SAINT ETIENNE

Everything we do really stems from being record collectors rather than musicians, says Saint Etienne's Bob Stanley, speaking from a London flat that's
Author:
Publish date:

“Everything we do really stems from being record collectors rather than musicians,” says Saint Etienne's Bob Stanley, speaking from a London flat that's packed with wax — everything from The Beatles to Bartok. “I suppose that's where we're basically different from most bands. When we started, we were fairly heavily inspired by hip-hop from a production perspective because of the way a song is constructed with breaks. That's something people weren't really doing with pop tunes at the time, and it seemed like an obvious way of making music without having to learn how to play an instrument, which had always been my dream.”

Although Stanley's assessment may be a tad facetious — over the years, he and bandmate Pete Wiggs have acquired more than a passing facility with a vintage Sequential Circuits Pro-One mono synth and its companion, the trusty Prophet 5 — it's true that excessive crate digging has played a vital role in the sound of Saint Etienne. Going back to their earliest single (a 1990 clubbed-out cover of Neil Young's “Only Love Can Break Your Heart,” with Faith Over Reason's Moira Lambert out front), the production duo's encyclopedic knowledge of Brit pop, American soul, '60s psychedelia, quirky film scores and all the spaces between helped fuel the evolution of their sophisticated, lounge-friendly dance music.

Tales From Turnpike House (Savoy Jazz, 2006) picks up conceptually where the group's Finisterre (Mantra, 2002) album and documentary film score left off, capturing a day in the life of a suburban London town block. The story line is guided by the supple voice of Saint Etienne's longtime lead singer, Sarah Cracknell, who channels Karen Carpenter (on the sunny-sounding “Side Streets”) and Dusty Springfield (on “Dream Lover,” vaguely reminiscent of Burt Bacharach's “The Look of Love”), as well as countless other chanteuses with a silky confidence that mirrors the album's breezy mood.

“I suppose Sarah is actually being different characters in each song,” Stanley suggests, “so maybe she had that in mind when she was singing them. I mean, ‘Lightning Strikes Twice’ is pitched just about as low as she could possibly sing, and in ‘Sun in My Morning,’ her voice sounds like it would break if she went any higher. She always just goes and does it the way she thinks it should be done, and it suits the song really nicely.”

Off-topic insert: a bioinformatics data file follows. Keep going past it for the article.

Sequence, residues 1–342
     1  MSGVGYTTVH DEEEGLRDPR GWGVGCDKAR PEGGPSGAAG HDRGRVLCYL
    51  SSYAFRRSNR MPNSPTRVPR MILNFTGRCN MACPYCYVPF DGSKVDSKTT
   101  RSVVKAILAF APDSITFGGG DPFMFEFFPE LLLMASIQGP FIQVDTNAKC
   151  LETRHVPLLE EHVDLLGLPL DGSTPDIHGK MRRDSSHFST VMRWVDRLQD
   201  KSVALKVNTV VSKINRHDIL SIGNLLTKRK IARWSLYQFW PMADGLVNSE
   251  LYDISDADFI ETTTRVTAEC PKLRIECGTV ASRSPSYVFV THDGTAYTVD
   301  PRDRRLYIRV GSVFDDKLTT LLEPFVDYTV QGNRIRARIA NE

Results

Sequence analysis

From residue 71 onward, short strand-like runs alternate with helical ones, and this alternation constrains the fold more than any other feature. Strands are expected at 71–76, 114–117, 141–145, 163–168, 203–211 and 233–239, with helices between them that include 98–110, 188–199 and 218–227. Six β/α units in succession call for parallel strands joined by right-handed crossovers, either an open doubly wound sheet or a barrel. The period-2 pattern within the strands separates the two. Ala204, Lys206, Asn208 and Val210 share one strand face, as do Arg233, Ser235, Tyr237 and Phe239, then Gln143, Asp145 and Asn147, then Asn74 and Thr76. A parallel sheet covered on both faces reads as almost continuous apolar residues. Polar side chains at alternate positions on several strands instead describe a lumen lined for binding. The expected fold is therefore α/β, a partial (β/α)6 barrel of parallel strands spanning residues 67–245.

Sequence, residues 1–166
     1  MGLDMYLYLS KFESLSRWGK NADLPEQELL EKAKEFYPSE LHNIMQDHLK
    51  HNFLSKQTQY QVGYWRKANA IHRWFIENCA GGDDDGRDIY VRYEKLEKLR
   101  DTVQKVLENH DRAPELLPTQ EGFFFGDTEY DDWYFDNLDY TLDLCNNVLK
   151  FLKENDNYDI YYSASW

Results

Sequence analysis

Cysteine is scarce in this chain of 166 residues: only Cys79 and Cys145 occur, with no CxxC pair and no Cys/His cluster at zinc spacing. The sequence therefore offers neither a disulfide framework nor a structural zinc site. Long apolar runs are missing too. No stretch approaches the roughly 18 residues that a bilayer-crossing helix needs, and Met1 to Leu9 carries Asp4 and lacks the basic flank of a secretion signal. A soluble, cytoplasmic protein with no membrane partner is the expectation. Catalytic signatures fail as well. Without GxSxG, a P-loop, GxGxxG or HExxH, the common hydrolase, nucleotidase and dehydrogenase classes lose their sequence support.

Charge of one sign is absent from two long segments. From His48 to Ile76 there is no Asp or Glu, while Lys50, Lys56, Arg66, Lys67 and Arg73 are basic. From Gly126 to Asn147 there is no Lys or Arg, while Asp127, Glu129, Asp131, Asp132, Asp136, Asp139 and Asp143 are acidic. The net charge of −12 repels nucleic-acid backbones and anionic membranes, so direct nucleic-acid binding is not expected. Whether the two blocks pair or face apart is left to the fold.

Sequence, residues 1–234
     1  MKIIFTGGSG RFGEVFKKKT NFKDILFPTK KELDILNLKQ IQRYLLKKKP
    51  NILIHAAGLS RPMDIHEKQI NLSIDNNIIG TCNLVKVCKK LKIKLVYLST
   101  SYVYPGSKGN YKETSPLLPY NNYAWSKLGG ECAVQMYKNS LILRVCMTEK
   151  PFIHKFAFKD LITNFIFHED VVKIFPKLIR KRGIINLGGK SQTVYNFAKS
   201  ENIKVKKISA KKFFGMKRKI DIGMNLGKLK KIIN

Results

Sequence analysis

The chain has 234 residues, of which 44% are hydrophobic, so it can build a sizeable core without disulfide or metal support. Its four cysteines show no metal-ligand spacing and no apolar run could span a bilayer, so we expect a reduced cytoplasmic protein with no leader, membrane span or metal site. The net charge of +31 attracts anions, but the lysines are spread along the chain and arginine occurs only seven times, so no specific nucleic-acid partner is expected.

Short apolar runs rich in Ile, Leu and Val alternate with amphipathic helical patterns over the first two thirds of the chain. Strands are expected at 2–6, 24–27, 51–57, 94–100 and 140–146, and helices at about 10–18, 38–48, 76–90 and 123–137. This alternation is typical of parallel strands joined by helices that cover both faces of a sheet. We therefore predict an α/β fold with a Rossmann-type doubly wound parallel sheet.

Tracked and mixed almost entirely with producer and multi-instrumentalist Ian Catt, whose partnership with Saint Etienne stretches back to 1990, Turnpike House retains the spatial warmth that any true rare-groove enthusiast would demand. Live acoustic and electric guitars, bass, keyboards, flutes, strings and painstakingly layered vocals are rendered by a slew of top-notch musicians, including cellist Hugh McDowell (a veteran of the original Electric Light Orchestra), Tony Rivers (a Beach Boys alum who lends a Brian Wilson — esque flair to the vocal arrangements on “Sun in My Morning” and the closing track “Goodnight”) and Xenomania (a live band, led by Brian Higgins, that co-wrote and co-produced two tracks on the album). With so much talent at his disposal, Stanley says, the songs almost create themselves.

“Speaking for myself,” he explains, “I just get tunes from walking down the road. Normally, I'll just go home and hum them into a MiniDisc recorder, and then I go to the studio and play them in a very basic version, which Ian normally knocks into shape. Ian has loads of vintage gear — Neumann microphones, [UREI] tube preamps and all that — with a Pro Tools setup, so he's always ready to record a part himself or get somebody else in to play it.”

Turnpike House has been out since last year in the UK, but three new songs on the American release make it well-worth another taste — especially the glam-rocker “Oh My,” which Stanley likens to a lost David Essex vs. T-Rex mash-up, with Thin Lizzy thrown in for added sass. Whatever the musical influence, for Saint Etienne the vista is always wide open. “We're more comfortable with our ineptitude now, I think,” Stanley jokes, referring again to his keyboard chops, “but it's really the listening that does it for me. I mean, just about anything can give you inspiration; it's what you do with it that makes the difference.”